Additionally, according to Siddiqui (2011), "Much has been written for customer loyalty, satisfaction and switching but the literature on relevant individual differences is very thin. Some of the previous research attempts to provide gender differences in consumer behavior like women are more involved in Christmas shopping as compared to men (Fisher & Arnold, 1990); the business cards of male designers were found to be standardized size and printed on white card significantly more than the female designers were round to be standardized size and printed on white card significantly more than the female designers (Moss & Colman, 1999); advertising, packaging and consumer choice has strong sex effects (Schmitt, Lecterc & Dube-Rioux, 1988); gender plays a pivotal role in online banking (Karjaluoto, Mattila and Pento, 2002); while evaluating the service encounters gender differs and consistently describes men as goal oriented and women as socially oriented, (Iacobucci, and Ostrom, 1993); but these researches and other researches attempted to provide the predictive power of demographic variables more specifically gender to predict consumer behavior, but unable to explain the individual variables more specifically gender to predict consumer behavior, but unable to explain the individual variables more specifically gender to predict consumer behavior, but unable to explain the individual differences in different consumer behavior imperatives namely customer satisfaction, switching, and loyalty differences in different consumer behavior imperatives namely customer satisfaction, switching, and loyalty." (Siddiqui, 2011)

Religion as a function of constraint as parameters which limit the scope of decision making to a discernable framework that is a philosophical and spiritual limit to what one may decide to purchase. According to Parameshwaran, Srivastava (2010), "Consumer behavior as a distinct area of study in marketing was born in mid sixties with the development of buyer behavioral models. Howards and Sheth (1999) and engel et al. (1993) for the first time acknowledged the various influences on consumer buying process. Religion that formed a part of the environment does influence the buying process. Hirschman (1982) points out that it is possible religion has been seeing as taboo topic among consumers. One of the earliest reports that found a relationship between buyer behavior and religion was a study on stove location (Thomson and Raine 1976). This study claims religions affiliation was useful basis for market segmentation in furniture sales. However, researcher did not find the religious classification to be significant." (Parameshwaran, Srivastava, 2010)

Walker (2003) sees consumer choice as a function of government involvement in its inherent mission to facilitate a more equal quality of life. According to Walker (2003), "The Government must abandon its guiding principle of consumer choice in favor of a state investment focused on services that can generate a better quality of life." (Walker, 2003)

According to Deutsch (2007), "From a rational choice perspective, consumers are expected to obtain energy-related services at least cost because cost minimization is necessary for utility maximization. When costs accrue at different points in time -- as in the case of operating cost of durable goods -- cost minimization conceptually involves intertemporal allocation. At a practical level, the typical approach to calculating least cost is the life-cycle cost approach (Sanstad and Howarth 1994, 812; McMahon, McNeil et al. 2005, 158)." (Deutsch, 2007)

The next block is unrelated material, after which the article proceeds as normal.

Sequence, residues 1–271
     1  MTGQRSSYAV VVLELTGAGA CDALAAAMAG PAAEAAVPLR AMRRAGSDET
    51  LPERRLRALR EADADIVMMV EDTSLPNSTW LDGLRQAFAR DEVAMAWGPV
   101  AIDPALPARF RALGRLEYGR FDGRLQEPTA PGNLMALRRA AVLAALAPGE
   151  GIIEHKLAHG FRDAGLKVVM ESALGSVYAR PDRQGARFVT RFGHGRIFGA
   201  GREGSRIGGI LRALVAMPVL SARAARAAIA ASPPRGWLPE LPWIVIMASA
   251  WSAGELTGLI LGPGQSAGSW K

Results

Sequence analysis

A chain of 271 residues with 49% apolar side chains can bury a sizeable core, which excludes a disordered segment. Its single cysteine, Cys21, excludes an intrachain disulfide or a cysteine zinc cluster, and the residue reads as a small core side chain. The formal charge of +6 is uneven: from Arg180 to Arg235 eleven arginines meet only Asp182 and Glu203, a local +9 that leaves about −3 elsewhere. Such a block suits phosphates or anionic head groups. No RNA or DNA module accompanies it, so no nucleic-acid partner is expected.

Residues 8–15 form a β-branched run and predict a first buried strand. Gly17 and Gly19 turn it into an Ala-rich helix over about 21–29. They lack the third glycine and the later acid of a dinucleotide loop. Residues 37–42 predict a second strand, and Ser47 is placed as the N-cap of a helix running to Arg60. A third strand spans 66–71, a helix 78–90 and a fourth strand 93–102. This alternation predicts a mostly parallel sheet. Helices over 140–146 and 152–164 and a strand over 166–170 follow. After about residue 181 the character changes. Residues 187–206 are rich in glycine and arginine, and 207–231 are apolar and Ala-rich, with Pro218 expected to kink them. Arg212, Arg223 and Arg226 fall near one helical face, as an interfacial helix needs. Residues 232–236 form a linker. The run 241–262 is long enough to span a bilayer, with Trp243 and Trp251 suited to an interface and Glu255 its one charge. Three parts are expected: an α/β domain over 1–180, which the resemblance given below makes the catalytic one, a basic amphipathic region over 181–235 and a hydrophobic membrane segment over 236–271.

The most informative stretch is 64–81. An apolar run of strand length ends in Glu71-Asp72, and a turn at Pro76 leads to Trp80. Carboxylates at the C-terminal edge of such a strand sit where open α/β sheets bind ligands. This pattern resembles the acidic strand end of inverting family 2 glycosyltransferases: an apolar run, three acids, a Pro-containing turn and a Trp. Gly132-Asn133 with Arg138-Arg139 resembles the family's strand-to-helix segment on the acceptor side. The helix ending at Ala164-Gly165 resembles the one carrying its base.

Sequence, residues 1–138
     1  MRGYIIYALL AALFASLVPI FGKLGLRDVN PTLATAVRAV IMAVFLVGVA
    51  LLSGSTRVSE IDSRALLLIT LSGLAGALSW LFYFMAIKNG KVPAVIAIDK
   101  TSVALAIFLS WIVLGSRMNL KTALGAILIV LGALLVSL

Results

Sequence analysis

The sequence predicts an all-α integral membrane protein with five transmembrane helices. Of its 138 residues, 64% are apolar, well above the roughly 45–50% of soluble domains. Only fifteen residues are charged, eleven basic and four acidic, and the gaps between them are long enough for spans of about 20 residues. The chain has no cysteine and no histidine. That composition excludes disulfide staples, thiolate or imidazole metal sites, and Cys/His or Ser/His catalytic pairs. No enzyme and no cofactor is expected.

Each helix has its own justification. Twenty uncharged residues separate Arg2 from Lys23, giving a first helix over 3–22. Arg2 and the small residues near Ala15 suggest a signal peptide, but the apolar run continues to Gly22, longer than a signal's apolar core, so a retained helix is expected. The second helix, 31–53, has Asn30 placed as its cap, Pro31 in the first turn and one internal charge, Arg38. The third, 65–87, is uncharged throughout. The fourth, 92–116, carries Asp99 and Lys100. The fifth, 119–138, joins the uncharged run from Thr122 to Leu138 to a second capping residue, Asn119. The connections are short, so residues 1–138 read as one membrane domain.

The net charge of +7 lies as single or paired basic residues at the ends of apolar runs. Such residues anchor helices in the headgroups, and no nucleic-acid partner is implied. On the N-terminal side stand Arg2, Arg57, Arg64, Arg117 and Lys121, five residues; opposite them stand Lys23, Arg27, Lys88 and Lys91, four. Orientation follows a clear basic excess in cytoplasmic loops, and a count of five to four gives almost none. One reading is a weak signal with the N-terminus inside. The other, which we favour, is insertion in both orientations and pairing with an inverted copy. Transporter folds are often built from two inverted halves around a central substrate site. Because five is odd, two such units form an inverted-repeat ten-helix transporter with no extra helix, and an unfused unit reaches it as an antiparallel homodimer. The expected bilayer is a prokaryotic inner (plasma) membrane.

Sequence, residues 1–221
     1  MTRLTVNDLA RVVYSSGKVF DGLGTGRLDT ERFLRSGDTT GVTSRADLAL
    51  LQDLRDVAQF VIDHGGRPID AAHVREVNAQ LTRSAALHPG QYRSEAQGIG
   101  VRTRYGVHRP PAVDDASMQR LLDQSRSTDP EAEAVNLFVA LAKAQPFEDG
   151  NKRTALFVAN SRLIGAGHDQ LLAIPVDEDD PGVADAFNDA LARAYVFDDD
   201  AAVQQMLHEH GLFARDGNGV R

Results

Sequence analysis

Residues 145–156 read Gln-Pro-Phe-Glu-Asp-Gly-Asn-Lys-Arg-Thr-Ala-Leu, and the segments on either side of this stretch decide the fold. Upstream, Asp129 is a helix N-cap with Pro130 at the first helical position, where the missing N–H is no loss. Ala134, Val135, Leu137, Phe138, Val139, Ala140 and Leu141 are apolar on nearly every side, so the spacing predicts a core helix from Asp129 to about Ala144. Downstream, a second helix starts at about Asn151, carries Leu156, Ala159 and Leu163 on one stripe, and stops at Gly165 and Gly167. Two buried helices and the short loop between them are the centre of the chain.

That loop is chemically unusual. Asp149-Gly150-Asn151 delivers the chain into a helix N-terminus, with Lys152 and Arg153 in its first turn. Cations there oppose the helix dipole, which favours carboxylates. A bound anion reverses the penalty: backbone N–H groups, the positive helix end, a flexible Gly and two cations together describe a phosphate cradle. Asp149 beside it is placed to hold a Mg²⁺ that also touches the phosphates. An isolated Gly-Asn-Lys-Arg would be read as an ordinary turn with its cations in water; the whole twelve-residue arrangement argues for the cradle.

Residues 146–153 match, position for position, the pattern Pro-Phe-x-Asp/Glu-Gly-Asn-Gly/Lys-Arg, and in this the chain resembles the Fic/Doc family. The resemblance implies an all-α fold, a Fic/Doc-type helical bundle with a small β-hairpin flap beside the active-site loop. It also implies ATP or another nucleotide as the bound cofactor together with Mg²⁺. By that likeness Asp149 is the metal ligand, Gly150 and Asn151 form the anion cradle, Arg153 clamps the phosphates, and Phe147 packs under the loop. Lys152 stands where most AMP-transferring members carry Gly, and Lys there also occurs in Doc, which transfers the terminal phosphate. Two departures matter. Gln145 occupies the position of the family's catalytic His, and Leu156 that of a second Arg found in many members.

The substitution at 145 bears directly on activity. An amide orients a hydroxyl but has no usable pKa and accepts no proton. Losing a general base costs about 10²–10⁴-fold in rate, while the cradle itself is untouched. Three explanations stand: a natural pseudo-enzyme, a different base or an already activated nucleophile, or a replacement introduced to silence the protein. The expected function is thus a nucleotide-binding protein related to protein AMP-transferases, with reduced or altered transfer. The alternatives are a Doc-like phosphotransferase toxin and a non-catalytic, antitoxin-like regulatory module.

Additionally, according to Deutsch (2007), "Representatives of a broader behavioral perspective acknowledge the limits to intendedly rational behavior and rather work within a framework of "bounded rationality" (Simon 1957, 198). Moverover, they may not approach human actions as being driven by a single type of optimizing behavior. Instead, they may stress the existence of different heuristics for problem solving -- simple rules for searching, stopping and decision-making (Simon 1955; Payne, Bettman et al. 1993; Gigerenzer and Selten 2001).

Consumer attitude towards foreign restaurant

According to Keillor (1996), "While no significant differences between the two groups exist, an examination of mean scores also shows that both groups agree that fast food is more of a convenience than a treat, that fast food restaurants are too impersonal, and that Hong Kong citizens prefer traditional food over foreign food." (Keillor, 1996)

According to Kawahara (1994), "In Hong Kong, which is an international city, many local retailers have expanded abroad, and many retailers operating in the territory come from Europe, North America, japan, and other East Asian countries. Japanese retailers, in particular, have been very successful in Hong Kong, and Japanese supermarkets are a very important element of food retailing in the territory." (Kawahara, 1994)

According to Fukue (2008), "In Hong Kong, Japanese food has for years been popular as a status symbol for the wealthy middle class, thanks to its reputation for high quality and safety. The export drive has made Hong Kong the No. 1 importer of Japanese food in the world, and some of Japan's farmers have started regarding the region as a gateway to tapping the much bigger market of mainland China in the future." (Fukue, 2008)

Additionally, according to Fukue (2008), "Joe Tang, a 33-year-old doctor in Hong Kong, said by e-mail that he always buys Japanese snacks, fresh vegetables and fruit. "I believe that Japanese vegetables and fruit are more healthy and organic. Japanese food can remain fresh as Hong Kong is not far from Japan,"… [END OF PREVIEW] . . . READ MORE